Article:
Brian Moseley, Plymouth
Webpage created: May 09, 2021
Webpage updated: May 10, 2021




All over the City of Plymouth will be found manhole covers emblazoned with "Willoughby Plymouth".  The man who founded the iron foundry business that made them was Mr William Willoughby.

Born in the Cornish village of Illogan, near Redruth, and baptised at the Ancient Parish Church on February 9th 1806, William must have been steeped in engineering, steam engines and iron founding.  He soon found his way across the County boundary and into Plymouth, where he married Miss Mary Ann Hoskin at the Ancient Parish Church of Saint Andrew the Apostle on February 25th 1827.  He became a partner of Mr Joseph Murch at the Central Foundry and Engineering Works in Rendle Street but the partnership was dissolved by mutual consent on April 19th 1855.

In the 1851 census, taken on Sunday March 30th that year, the Willoughby's were living at number 1 Adelaide Street, East Stonehouse.  He was described as "a smith employing 16 men and boys and an iron founder employing 11 men and boys".  That was also where Messrs Willoughby and Murch were located.  He is said to have founded his business ion 1844 and it is interesting to note that he was the senior partner and must therefore have been joined by Mr Murch at some point.  The census shows that he had five sons and four daughters: James Willoughby, born 1828; William Willoughby, born in 1830, who was a smith in 1851; John Willoughby, born 1832, who was an apprentice iron founder; Joseph Willoughby, born 1839; Mary Willoughby, born 1841; Samuel Willoughby, born 1842; Eliza Ann  Willoughby, born 1844, all born in East Stonehouse; and Emma Maria Willoughby, born 1846 and Sophia Louisa Willoughby, born 1849, both in Plymouth.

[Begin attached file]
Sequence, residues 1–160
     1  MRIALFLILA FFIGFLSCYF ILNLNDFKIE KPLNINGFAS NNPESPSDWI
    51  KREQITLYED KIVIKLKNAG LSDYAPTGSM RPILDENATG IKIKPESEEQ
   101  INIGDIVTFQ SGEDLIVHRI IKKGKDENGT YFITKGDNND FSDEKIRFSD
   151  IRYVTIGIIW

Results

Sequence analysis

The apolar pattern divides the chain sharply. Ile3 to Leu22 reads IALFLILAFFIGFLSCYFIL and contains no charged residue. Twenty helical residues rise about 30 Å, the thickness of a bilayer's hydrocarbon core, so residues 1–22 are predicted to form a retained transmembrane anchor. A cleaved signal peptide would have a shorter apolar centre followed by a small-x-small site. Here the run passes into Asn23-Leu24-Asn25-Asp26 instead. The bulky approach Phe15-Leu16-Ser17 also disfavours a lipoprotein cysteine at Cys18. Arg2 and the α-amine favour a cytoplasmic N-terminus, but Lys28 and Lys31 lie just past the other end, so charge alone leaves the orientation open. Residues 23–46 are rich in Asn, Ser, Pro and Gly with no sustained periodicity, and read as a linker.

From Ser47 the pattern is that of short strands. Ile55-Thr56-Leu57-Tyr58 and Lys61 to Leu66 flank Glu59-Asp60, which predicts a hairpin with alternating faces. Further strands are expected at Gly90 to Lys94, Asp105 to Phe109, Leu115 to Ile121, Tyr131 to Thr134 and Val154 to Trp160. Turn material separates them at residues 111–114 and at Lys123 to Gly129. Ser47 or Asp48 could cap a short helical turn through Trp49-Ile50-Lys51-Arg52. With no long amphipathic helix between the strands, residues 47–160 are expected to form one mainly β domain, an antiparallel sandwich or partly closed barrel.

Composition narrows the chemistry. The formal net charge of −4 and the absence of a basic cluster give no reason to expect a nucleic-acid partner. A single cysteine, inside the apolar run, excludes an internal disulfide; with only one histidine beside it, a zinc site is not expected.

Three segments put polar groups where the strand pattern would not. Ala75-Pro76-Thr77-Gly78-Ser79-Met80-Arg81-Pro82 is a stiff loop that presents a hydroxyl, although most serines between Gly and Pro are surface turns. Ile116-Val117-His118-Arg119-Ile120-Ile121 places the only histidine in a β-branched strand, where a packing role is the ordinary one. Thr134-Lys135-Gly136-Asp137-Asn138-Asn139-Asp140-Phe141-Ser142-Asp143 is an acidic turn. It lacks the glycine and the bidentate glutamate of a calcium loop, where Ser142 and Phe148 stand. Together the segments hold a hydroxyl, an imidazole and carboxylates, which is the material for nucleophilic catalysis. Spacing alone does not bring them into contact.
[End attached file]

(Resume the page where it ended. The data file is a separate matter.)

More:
At the time of the census on April 7th 1861 Mr Willoughby and his family had moved to number 3 Clarendon Terrace, North Road, Plymouth, where he was described as an "Engineer and Iron Founder employing 29 men and 30 boys".  Of his children, 21-years-old Mr Joseph Willoughby was now an engineer at the iron foundry and Mr Samuel Willoughby was an engineer pattern maker.  To his four daughters, one of whom was now married to Mr Sara, a corn dealer, he had added two more: Caroline A Willoughby and Fanny M Willoughby.   Mr James Willoughby and Mr William Willoughby had left home. 

In 1864 the business was known as Messrs Willoughby Brothers, which seems to indicate that Mr William Willoughby had retired, possibly because of ill health, and had handed it over to his five sons.  In that case, the senior partner was now Mr James Willoughby (1828-1882).

Mr William Willoughby senior passed away at his home in North Road on Sunday September 7th 1879 at the age of 74 years.  The funeral was held on Thursday September 11th 1879 at the Plymouth, Stonehouse and Devonport Cemetery.  The Reverend J Rhodes officiated.  None of the women folk attended the funeral.  In addition to Mr Willoughby's four sons, Mr Joseph Willoughby, his brother, and Messrs Sara, Tottenham, Kent and the Reverend Williams, all sons-in-law, and Mr Murch, his former partner, and twelve grandsons were present.

The story thus continues with Mr James Willoughby (1828-1882), who lived in Plymouth.